Saturday, January 06, 2018

Wash on Monday, but not if you're Lizzie Borden's maid

Hungarian women washing clothes, NYPL Digital Collections

There's an old nursery rhyme that once helped addled housewives remember their duties:

Wash on Monday,
Iron on Tuesday,
Bake on Wednesday,
Brew on Thursday,
Churn on Friday,
Mend on Saturday,
Go to meeting on Sunday.

But not in the Lizzie Borden household. At least not during the week in which Mr. and Mrs. Borden were murdered. We know Irish maid Bridget Sullivan did the washing that week on Tuesday, breaking with a major tradition. Of all her failings, this is surely the one that upsets me the most. ;)

How do we even know such a bit of minutia?

Well, because there happened to have been a bucket of bloody cloths in the basement after the murders. Menstrual cloths, Lizzie told the police investigators. But could they have also included crime scene blood and the rags used to clean it up?

Washing clothes, NYPL Digital Collections

Before disposable pads existed, women used real cloth to catch their flow. Victoria Lincoln, author of the Lizzie Borden book A Private Disgrace, first introduced me to the idea of birdseye fabric being specifically used for this purpose. The used fabric would be put to soak until wash day, when the family maid would boil water and begin the arduous task (I initially wrote "harduous," which made me laugh) of washing with soap flakes and multiple rounds of rinsing, all while lifting heavy fabric. I think things are heavy when I move them from the washer to the dryer; I can't imagine being responsible for them when absolutely dripping.

So, Lizzie had her period and was bringing cloths to the basement for soaking. But the timing was interesting. Officer Medley of the Fall River Police Department said he spoke with Lizzie on August 4, 1892, the day of the murders, about the bloody towels. She told him the pail had been there three or four days (i.e., she started menstruating Aug. 1 or 2) and that everything was copacetic; she had already told the doctor about it. Appeal to False Authority, right? The doctor can excuse possible crime scene cleanup materials because he knows all about lady parts.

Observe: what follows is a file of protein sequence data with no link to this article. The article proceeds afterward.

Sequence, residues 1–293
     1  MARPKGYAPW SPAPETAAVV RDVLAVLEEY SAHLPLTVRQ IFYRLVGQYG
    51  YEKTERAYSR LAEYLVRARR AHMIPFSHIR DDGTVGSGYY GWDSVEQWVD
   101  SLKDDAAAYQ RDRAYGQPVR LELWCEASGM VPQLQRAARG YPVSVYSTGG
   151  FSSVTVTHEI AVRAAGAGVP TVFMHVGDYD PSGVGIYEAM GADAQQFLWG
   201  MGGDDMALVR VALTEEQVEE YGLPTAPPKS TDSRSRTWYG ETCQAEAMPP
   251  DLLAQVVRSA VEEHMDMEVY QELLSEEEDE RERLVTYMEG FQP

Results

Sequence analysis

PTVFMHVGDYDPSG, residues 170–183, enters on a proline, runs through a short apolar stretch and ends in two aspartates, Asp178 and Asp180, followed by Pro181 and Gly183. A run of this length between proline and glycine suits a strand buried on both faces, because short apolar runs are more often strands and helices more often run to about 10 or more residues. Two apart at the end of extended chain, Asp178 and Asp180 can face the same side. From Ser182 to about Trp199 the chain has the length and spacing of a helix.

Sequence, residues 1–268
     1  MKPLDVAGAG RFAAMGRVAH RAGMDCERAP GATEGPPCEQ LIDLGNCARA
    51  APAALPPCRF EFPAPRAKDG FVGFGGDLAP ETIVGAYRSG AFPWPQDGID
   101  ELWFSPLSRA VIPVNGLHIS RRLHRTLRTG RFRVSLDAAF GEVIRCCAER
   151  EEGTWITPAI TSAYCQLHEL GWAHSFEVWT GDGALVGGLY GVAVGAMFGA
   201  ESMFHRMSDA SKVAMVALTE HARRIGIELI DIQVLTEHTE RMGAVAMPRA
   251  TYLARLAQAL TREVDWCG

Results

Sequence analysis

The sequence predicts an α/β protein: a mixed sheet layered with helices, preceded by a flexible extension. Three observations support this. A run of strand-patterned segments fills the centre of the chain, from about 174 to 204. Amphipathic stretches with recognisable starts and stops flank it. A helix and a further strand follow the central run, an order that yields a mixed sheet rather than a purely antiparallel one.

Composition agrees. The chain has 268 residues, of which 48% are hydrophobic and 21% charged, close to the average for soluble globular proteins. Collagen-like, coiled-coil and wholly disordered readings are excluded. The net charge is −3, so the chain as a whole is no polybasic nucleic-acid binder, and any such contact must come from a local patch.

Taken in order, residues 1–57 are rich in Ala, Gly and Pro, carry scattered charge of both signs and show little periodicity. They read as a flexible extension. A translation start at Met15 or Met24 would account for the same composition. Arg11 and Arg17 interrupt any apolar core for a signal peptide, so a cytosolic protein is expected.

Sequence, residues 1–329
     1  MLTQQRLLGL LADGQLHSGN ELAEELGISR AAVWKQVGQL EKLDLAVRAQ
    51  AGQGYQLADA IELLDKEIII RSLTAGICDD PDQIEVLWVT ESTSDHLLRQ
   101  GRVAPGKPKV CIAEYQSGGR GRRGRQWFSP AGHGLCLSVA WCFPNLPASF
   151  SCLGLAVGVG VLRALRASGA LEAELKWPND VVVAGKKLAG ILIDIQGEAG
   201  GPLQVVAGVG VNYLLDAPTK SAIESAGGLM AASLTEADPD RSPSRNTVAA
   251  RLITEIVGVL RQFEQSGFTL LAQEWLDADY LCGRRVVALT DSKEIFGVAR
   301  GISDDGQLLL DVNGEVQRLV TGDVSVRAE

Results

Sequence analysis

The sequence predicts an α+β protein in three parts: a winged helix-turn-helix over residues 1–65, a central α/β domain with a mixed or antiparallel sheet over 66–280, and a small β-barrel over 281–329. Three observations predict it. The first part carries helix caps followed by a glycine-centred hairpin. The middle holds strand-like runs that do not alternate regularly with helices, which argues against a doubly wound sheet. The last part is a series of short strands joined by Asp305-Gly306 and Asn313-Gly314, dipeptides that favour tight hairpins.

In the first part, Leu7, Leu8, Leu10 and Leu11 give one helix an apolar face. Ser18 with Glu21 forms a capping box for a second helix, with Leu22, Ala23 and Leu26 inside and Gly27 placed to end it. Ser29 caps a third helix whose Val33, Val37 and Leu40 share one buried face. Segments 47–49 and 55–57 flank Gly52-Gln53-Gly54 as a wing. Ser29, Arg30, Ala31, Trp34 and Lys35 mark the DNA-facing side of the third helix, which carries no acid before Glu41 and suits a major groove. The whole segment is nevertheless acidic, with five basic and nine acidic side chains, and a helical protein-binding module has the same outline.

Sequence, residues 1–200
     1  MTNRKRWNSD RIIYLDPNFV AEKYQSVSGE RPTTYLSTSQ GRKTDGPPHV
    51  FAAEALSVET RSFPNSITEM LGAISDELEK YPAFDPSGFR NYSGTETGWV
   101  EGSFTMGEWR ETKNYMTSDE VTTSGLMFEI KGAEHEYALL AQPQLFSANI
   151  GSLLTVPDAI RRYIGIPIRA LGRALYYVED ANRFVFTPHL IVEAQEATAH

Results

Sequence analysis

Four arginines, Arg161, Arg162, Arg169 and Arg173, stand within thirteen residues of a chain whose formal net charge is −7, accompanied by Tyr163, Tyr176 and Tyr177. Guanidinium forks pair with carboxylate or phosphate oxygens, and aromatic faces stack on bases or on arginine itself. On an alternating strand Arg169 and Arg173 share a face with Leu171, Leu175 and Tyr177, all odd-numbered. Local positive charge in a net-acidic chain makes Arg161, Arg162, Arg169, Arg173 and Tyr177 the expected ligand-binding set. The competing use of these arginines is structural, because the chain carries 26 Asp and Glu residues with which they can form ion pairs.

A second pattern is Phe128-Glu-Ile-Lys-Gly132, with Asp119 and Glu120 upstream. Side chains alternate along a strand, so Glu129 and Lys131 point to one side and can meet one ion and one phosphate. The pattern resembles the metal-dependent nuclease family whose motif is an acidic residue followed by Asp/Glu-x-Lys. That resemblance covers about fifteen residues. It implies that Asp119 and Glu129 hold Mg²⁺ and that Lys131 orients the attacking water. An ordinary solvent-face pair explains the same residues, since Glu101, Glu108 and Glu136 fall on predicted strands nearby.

When Medley talked with Bridget Sullivan, she said she had not noticed the pail until the day of the murders, and it could not have been there on Aug. 2 because that was the day she did the washing. August 2 was a Tuesday; the murders were on a Thursday.


Well, the most important thing obviously is that Bridget didn't follow that housekeeping rhyme. The second most important thing is that all these men were way too squeamish about the bucket, trusted Dr. Bowen's dismissal of it, and failed to follow through with Bridget's assertion that the bucket had only appeared that day.

You can learn more about that bucket, and about Lizzie's midnight visits to the basement (several of them, in the dark, by lantern light) the night of the murders. Her poor friend who accompanied her reported that she walked right past the bloodied clothes of her father and stepmother, left in the pile on the floor, without any concern. Where can you learn more, you ask? Why, in this well-researched novel:

Thanks for reading. More Lizzie facts tomorrow!

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